Monrepos Park Museum-Reserve, Vyborg

Monrepos Park Museum-Reserve near Vyborg, Russia is an exquisite swathe of land on Tverdysh Island. Famed for its unusual landmarks and diverse landscapes covering over 400 acres of territory, the reserve has long been a favorite among Vyborg residents and tourists.

The name “Mon Repos”, which translates from French as “My Rest”, is a befitting name for this haven. The territory was once owned by Swedish barons and passed through various hands over the centuries before being purchased by German poet Ludwig Heinrich Nikolay in the 18th century.

Creation of the park complex began in 1805, when Nikolay retired from his position as president of the St. Petersburg Academy of Sciences and began devoting all of his free time to the development of his beloved estate. Expansion of the reserve continued under Ludwig's son Paula Nicolay, who created enclaves designed to emotionally inspire and soothe. Nicolay went on to build various architectural delights, including Chinese bridges, a Turkish tent and Gothic gates. The park soon began to draw the admiration of Russian emperors and representatives of the Swedish royal family.

Visitors to Monrepos Park today, which is now classified as a State Historical, Architectural and Natural Museum Reserve, are equally enchanted by its inimitable landscapes. Specially designed rock reliefs give the appearance of having been carved from a glacier, while secluded corners continue to offer inspiration and respite. The natural beauty ensconced at Monrepos is particularly palpable at Bob Pond, Medusa Grotto and the harbor.

One particularly striking attraction, located on Island of the Dead, is the four-turreted Nicolay family crypt which was designed to resemble a miniature castle. On another tiny island, the Gothic-style gazebo and entrance gate of Neptune Pavilion have been preserved. Witch’s Cave, another special attraction of Park Monrepos, is purported to possess miraculous powers. Rumor has it that women who enter the cave are cured of depression, and men are endowed with the bravery of a lion.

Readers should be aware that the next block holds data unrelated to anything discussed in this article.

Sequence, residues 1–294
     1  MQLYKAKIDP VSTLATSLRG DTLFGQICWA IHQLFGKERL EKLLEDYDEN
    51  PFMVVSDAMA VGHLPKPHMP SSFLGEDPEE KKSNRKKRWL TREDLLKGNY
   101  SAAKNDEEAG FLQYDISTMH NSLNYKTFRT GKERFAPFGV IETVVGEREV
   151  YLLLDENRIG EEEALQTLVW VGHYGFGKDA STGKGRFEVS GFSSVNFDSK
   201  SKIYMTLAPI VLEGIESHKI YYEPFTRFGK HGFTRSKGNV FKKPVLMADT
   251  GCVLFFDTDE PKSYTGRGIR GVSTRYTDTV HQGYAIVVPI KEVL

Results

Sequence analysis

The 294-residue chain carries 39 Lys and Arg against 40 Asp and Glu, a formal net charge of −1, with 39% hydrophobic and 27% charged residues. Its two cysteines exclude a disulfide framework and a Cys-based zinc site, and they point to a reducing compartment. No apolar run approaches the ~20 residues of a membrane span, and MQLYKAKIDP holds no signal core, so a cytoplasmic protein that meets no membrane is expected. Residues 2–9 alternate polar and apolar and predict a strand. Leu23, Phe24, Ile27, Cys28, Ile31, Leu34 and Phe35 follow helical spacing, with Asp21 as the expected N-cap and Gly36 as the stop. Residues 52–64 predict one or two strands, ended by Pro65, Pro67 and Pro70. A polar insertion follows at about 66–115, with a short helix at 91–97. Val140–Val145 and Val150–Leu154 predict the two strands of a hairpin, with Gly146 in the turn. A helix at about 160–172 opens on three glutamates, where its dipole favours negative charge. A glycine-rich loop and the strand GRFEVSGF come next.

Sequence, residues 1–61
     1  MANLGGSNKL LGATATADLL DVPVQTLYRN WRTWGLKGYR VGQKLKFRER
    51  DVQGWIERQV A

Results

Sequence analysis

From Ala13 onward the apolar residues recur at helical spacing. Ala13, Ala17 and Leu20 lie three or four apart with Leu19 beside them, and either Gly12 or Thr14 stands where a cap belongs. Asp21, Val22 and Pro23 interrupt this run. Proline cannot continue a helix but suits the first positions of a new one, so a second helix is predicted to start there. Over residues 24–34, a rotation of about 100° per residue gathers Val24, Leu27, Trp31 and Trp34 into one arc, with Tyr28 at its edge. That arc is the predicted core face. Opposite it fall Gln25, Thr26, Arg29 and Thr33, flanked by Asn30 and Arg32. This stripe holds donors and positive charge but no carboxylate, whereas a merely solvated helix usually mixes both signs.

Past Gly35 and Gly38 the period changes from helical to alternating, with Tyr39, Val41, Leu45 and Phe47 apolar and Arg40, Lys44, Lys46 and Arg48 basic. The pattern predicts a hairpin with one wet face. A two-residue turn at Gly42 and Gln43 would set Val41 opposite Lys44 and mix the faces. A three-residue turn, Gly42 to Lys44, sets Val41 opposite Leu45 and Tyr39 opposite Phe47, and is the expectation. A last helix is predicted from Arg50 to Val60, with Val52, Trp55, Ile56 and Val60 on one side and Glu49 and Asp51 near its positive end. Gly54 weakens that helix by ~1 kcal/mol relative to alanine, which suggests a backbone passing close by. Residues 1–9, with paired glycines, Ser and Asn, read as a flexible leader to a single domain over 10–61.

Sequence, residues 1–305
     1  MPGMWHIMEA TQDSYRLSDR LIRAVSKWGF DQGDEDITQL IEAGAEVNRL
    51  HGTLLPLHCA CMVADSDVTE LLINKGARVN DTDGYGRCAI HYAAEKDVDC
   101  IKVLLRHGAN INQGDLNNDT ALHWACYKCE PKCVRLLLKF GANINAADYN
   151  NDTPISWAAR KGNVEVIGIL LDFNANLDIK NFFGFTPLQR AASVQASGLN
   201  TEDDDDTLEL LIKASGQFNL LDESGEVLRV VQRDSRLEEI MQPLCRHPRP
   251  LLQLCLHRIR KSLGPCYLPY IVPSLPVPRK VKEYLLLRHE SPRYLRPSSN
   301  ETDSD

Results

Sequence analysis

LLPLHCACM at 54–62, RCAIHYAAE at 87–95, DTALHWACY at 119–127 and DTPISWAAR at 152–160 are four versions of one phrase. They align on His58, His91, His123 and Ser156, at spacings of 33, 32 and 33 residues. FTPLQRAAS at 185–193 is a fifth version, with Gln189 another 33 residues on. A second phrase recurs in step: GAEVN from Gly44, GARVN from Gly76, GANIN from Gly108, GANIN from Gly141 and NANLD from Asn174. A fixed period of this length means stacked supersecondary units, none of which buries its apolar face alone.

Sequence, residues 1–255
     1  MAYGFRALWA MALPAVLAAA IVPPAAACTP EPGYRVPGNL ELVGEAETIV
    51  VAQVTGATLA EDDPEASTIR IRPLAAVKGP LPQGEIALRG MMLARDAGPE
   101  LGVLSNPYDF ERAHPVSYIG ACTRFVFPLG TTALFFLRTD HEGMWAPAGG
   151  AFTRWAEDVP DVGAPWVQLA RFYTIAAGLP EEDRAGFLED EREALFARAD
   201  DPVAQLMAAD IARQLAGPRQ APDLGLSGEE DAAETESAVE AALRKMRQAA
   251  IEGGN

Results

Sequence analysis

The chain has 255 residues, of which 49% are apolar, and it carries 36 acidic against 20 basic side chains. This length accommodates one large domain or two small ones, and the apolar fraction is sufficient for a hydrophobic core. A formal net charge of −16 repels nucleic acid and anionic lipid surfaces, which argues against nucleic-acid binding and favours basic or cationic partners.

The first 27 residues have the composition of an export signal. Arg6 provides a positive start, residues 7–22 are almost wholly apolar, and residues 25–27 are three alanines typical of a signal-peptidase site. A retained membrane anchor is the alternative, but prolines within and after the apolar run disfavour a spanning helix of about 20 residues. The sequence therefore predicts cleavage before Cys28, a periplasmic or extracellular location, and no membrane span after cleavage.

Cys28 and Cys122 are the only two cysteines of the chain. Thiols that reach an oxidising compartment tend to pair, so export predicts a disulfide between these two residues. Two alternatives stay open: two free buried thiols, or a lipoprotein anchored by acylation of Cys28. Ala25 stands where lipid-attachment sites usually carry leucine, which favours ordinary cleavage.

Notable sculptures are scattered throughout Park Monrepos, including a stone obelisk erected in honor of the relatives of Baron Nikolay who fought in the War of 1812. In one of the park's glades stands the figure of a lion, which once adorned the pedestal of a monument to Peter I. The monument was dismantled by the Finns and reconstructed after Vyborg was absorbed into the Soviet Union, yet the lion statue has remained in the clearing. The image of a lion is likewise etched on the wall of Narcissus Spring, whose waters have been reported for centuries to have a curing effect on eye ailments.

In recent years, the park has undergone extensive renovations. In addition to its quiet niches and architectural allure, Monrepos Park Museum-Reserve near Vyborg offers hiking trails and family-friendly activities. Located some 140 kilometers from St. Petersburg, the park can be enjoyed on a full day trip from the former capital or in conjunction with a tour of Vyborg.